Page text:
Resisting the siege for the right to love is the main idea behind the project ‘Love under apartheid’ conceived by human rights activists to denounce the obstacles placed before the most noble of feelings by the countless Israeli barriers imposed against Palestinians. In the website, launched for the occasion on Valentine’s day, there are videos describing the adventures and hardships faced by those who have wanted to visit loved ones or messages for thoe who wish to send ‘their love across the checkpoint’.
You can learn of the story of Taiseer and Lana Khatib who speak of the difficulties in maintaining a family of four people together ‘struggling’ between Akka and Jenin against the Israeli citizenship law. Then there is Amer, from Gaza, who has had to give up his love story with a woman who lives in the West Bank. “For two years – says Amer in a video – I have tried to get a visa, which through the pass at Eretz or Rafah in Egypt, would allow me to go to her parents to ask for her hand in marriage. That document has never arrived”.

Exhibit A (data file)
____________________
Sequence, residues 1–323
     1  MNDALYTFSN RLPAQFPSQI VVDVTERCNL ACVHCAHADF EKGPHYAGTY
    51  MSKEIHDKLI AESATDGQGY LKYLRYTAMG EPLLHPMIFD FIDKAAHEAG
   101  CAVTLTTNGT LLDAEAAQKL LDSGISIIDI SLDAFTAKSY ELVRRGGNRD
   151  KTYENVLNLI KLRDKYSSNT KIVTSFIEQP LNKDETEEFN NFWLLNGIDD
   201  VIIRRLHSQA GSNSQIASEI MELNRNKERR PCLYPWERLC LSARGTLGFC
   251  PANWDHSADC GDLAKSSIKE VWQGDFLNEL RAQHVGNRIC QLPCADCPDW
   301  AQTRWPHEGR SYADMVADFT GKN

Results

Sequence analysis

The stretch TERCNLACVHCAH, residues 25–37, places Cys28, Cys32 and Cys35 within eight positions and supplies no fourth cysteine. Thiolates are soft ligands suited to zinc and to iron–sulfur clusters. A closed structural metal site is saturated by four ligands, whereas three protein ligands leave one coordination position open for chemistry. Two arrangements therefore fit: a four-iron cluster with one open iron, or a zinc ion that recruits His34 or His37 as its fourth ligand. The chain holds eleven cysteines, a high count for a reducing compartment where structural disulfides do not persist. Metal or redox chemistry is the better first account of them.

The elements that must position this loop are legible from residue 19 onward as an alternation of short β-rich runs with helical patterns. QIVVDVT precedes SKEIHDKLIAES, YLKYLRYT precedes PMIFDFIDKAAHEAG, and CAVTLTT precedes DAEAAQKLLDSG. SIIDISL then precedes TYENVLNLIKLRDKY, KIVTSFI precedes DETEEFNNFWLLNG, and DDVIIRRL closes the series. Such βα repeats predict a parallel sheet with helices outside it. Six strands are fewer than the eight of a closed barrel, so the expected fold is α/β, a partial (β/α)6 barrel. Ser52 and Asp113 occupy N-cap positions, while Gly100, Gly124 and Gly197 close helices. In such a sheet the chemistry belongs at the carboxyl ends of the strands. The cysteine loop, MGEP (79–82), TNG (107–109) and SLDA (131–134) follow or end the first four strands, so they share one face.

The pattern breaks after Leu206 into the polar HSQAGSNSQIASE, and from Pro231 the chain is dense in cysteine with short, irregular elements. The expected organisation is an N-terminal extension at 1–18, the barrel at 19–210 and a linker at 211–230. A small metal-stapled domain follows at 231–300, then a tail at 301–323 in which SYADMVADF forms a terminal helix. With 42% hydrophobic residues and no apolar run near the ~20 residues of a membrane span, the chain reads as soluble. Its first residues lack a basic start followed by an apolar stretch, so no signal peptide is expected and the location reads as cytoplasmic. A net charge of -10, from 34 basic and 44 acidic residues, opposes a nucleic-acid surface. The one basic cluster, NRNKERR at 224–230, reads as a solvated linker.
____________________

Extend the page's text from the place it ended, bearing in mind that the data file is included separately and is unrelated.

This is love made unhappy by the lack of freedom of movement as gathered by the activists who want to enable foreigners, Europeans and all others understand the sensation of difficulty that one meets living under an “apartheid” regime. There is even room for humor in the video called “Checkpoint date: When dinner isn’t the only check you have to worry about”. A European man tries to reach his girlfriend for a Valentine’s dinner; but first he is stopped by soldiers under the shower, then forgotten in a lineup for hours and then at the end he finds soldiers sitting at the restaurant table he had booked for his date.